Major foreign investment linked with local land value speculation

The story of a tire factory investment in northeast Hungary has taken a number of curious turns over the past few years, with local politics showing a complete change in heart over the venture. The project, which had been locally opposed, ended up receiving a fortune in state grants, and the story even features one of the government’s favorite contractors.

India’s Apollo Tyres made a commitment in 2008 to build a new factory in northeast Hungary’s Gyöngyös. It was to be the company’s first venture into central Europe and would also have created some 900 jobs in the city of nearly 31,000. However, the local branch of the Fidesz party motioned a local referendum over the investment citing environmental concerns, which in all likeliness led to Apollo shelving its plans.

The plans resurfaced in 2012 when Apollo once more said it would establish a CEE production base in either Poland or Hungary. In 2014, the tire maker announced that it would set up near the originally targeted site in Gyöngyöshalász, a township with a population of around 2,000, neighboring Gyöngyös. This time not only was there no opposition, the government contributed HUF 30 billion (€100 million) in subsidies to the HUF 146 billion (€482 million) investment.

The official announcement took place in September, but there were rumors as early as February that Apollo was opting for Hungary, and preceding events show that the local government was already certain it would become the host.

As soon as 2012, Gyöngyöshalász started reclassifying the land that was to accommodate the plant from farmland to commercial plots, while also modifying local landscaping rules to allow construction to commence. However, the municipality does not have the necessary jurisdiction to amend the classification of the high-quality farmland to industrial, so the central government stepped in and made the reclassification possible. The local government was then allowed to start appropriation of the area even though the owners objected to the low prices they were offered. They took the matter to court, but lost the first hearing.

All along, the municipality denied that its efforts were linked to a possible tire factory construction and cited a general need to revise the landscaping categorization in the area.

The financing of the project was also curious. At first the municipality made a pact with a private company to fund the costs of the appropriation of the lands, and in return it was contracted to perform the landscaping jobs needed to accommodate the factory. Essentially, the firm bought itself a purchase option from the municipality, which in itself raises concerns about legality. The financing firm, Halász Invest Kft also had a clause added to its contract that should the project fail, it would be entitled to compensation totalling 300% of its original investment.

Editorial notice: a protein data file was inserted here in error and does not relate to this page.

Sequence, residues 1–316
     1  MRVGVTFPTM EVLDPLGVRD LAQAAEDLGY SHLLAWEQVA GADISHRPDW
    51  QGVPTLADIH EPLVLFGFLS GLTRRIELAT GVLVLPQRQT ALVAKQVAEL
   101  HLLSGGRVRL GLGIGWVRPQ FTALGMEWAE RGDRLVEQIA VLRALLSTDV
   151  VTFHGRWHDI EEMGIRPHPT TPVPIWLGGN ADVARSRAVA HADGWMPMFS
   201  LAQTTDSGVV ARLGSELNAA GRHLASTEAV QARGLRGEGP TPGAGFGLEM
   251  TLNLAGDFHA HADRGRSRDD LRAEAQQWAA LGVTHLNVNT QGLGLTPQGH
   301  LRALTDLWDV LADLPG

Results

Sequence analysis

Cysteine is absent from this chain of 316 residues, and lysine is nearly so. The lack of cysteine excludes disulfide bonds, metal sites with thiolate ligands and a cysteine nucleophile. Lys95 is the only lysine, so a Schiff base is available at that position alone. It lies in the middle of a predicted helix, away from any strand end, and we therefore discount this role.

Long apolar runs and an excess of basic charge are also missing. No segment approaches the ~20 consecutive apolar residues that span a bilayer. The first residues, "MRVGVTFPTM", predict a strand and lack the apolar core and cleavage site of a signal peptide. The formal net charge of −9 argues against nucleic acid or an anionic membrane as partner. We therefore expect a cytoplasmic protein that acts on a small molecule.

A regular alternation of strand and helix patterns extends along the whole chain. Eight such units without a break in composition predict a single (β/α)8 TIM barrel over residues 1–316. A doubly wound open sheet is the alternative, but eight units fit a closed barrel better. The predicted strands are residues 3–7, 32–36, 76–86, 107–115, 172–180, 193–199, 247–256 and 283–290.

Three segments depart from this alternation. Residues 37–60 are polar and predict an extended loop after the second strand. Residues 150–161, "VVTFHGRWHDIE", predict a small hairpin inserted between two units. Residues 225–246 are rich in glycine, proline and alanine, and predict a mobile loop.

This particular deal eventually fell through, but the later tender for the same purpose was similarly curious. The documentation for the tender became public on August 10, the submission deadline was only two days later, and Artemis Invest Kft was declared the winner on August 18.

The contract obtained by Atlatszo.hu reveals that the firm is paying a modest sum for the whole of the plot, and it will at one point sell it to Apollo Tyres at a major profit. A closer look into the company shows two owners, both close to the current government in terms of their party affiliation, their professional history as well as their families.

Besides Artemis, two other prospective bidders purchased the tender documentation, one of them being construction company Market Zrt, owned by István Garancsi, one of Prime Minister Viktor Orbán’s friends and a regular beneficiary of the current political establishment.

Market and the other interested party eventually dropped out saying that following a more detailed look into the tender documentation, it became clear that it covered the arrangement of the area and not the actual construction of the factory.

It was no surprise that at the end of February, Apollo, Artemis and the local government announced the signing of the contract for the construction of the plant in Gyöngyöshalász. Atlatszo.hu has already filed an enquiry for the publication of the deal, which we will make public as soon as we receive it.

Original article in Hungarian